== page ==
Children receive training in music reading, theory, and vocal production. As an affiliate of the Royal School of Church Music in America, Choristers progress through a graded music literacy education program that provides academic challenges and individual rewards.

Social events are also provided for children through the singing year to include pizza parties, bowling, pool parties, and many other fun activities. These events, coupled with excellent musical instruction and a high choral standard, provide a choir program for children and youth which sets the standard of excellence in all we do as a central musical goal. Membership in the Cathedral is not required.

The Handbell Choirs

Grace Cathedral has two handbell choirs. Handbells I meets on Wednesday evenings from 6:30-7:30 p.m. This group is for more advanced ringers. Handbells II meets on Wednesday evenings from 7:30 to 8:30 p.m. and is for beginners and intermediate ringers.

View the handbell schedules

Both groups play regularly for church services, special events and in the community. Besides these groups, duets, trios and quartets also are active and welcome. The Cathedral has two sets of Schulmerick Handbells (3 octaves and 5 octaves) as well as a five-octave set of Mallmark handchimes.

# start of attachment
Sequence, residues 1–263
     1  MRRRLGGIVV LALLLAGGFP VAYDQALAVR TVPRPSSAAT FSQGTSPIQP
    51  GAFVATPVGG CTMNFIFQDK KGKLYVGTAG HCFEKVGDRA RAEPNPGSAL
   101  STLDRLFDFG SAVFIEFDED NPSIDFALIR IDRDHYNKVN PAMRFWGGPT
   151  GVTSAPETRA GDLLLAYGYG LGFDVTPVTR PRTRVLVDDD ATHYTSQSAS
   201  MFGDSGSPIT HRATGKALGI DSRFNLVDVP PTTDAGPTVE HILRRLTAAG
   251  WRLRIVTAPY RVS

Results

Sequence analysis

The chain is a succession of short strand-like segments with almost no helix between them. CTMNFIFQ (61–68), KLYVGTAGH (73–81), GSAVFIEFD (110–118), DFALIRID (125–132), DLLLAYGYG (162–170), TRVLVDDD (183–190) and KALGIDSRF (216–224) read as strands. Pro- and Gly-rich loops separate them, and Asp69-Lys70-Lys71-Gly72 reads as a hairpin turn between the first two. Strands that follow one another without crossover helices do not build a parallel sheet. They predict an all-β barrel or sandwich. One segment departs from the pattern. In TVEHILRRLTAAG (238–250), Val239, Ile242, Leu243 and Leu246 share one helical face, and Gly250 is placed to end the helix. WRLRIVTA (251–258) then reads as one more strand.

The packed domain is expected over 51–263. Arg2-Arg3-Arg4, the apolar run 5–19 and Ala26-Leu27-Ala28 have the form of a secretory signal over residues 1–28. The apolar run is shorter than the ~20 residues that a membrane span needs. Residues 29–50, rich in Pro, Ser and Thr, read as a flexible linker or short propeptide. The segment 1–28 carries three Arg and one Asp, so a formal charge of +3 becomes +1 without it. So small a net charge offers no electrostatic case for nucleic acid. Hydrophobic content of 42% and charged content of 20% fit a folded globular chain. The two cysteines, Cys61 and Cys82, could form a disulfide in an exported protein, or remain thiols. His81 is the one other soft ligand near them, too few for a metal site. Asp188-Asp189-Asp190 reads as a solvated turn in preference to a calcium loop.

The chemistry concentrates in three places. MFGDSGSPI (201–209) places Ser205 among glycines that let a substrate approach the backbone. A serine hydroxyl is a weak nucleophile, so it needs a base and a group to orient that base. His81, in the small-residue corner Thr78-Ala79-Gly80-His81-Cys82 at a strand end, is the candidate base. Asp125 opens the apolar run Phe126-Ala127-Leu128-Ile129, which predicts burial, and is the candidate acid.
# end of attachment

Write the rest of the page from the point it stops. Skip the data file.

The Grace Cathedral Organ

Schantz Organ Company
Orrville, Ohio
Opus 1492, Original Installation 1978

4 manuals
65 ranks
53 stops
3684 pipes

The St. Mary’s Chapel Organ

 Martin Ott Orgelbaumeister
St. Louis, Missouri
Opus 86, Installed 1998

2 manuals
8 ranks
446 pipes

History of Organs in St. Mary’s Chapel

The Hall Organ Company of New Haven, Connecticut installed the first Cathedral organ in 1917. It was a three-manual and pedal instrument with “modern electric action and detached console.” The organ was divided – the Great and Choir divisions on the east organ chamber, and the Swell and Pedal divisions in the west organ chamber. “A unique feature” of this organ was “a separate console in the Chapel” from which seven stops of the main organ could be played. This small, one-manual console was built into the rear Chapel wall between the center door and the steps leading from the Cathedral Chancel, and the pipes from the east organ chamber spoke into the Chapel through grille work over the small console.